CNN.com reports that “social media appeared to come of age and signaled itself as a news-gathering force to be reckoned with” within minutes of the terrorist attacks on Mumbai, India.
With more than 6 million members worldwide, an estimated 80 messages, or “tweets,” were being sent to Twitter.com via SMS every five seconds, providing eyewitness accounts and updates.
Many Twitter users also sent pleas for blood donors to make their way to specific hospitals in Mumbai where doctors were faced with low stocks and rising casualties.
Others sent information about helplines and contact numbers for those who had friends and relatives caught up in the attacks. Tweeters were also mobilized to help with transcribing a list of the dead and injured from hospitals, which were quickly posted online.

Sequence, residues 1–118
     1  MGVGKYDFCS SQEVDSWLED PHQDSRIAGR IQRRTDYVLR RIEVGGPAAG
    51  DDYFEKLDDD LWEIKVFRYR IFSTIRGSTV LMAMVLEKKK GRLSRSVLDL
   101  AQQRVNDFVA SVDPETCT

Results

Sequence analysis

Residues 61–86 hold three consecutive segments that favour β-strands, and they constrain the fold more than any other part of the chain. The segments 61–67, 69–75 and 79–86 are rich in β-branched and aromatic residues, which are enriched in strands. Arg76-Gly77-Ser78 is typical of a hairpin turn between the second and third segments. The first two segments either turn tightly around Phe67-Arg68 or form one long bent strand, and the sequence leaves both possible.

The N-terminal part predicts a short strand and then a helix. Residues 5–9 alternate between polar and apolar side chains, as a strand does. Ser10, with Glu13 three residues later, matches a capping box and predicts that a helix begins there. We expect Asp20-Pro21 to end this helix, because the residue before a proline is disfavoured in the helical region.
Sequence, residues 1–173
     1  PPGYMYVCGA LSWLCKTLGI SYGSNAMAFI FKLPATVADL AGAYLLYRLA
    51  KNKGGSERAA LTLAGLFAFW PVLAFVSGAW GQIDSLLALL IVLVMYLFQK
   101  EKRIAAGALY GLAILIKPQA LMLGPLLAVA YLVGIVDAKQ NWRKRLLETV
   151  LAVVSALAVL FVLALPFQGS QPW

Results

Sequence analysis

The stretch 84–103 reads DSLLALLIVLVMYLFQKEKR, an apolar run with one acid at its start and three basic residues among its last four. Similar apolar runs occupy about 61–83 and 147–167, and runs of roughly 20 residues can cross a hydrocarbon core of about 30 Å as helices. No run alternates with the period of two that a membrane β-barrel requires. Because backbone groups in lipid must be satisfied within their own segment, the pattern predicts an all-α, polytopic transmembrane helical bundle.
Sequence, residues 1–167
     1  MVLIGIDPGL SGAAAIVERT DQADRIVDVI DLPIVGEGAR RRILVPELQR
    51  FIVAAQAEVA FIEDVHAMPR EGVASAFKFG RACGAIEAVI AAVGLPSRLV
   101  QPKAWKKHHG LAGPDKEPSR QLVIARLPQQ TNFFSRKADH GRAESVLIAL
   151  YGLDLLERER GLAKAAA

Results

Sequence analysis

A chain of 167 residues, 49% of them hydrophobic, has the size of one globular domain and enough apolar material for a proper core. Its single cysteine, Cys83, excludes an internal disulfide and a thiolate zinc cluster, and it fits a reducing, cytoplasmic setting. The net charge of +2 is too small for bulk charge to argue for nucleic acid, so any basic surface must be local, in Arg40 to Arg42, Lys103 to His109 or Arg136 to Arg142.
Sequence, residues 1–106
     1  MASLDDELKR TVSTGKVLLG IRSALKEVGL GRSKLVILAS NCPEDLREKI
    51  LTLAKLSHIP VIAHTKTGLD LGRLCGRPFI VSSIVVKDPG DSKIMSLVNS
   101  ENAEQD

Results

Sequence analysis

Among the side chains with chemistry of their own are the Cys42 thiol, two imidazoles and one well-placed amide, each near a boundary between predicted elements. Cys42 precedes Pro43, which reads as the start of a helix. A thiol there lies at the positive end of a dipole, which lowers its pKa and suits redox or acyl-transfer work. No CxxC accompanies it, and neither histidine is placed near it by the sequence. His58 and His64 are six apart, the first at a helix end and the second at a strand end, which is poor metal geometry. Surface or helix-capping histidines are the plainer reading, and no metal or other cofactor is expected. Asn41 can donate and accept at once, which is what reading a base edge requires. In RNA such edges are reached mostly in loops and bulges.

As Twitter user “naomieve” wrote: “Mumbai is not a city under attack as much as it is a social media experiment in action.”
Neha Viswanathan, a former regional editor for Southeast Asia and a volunteer at Global Voices, told CNN, “Even before I actually heard of it on the news I saw stuff about this on Twitter.
“People were sending in messages about what they were hearing. There were at least five or six blogs from people who were trapped, or who were very close to what happened.”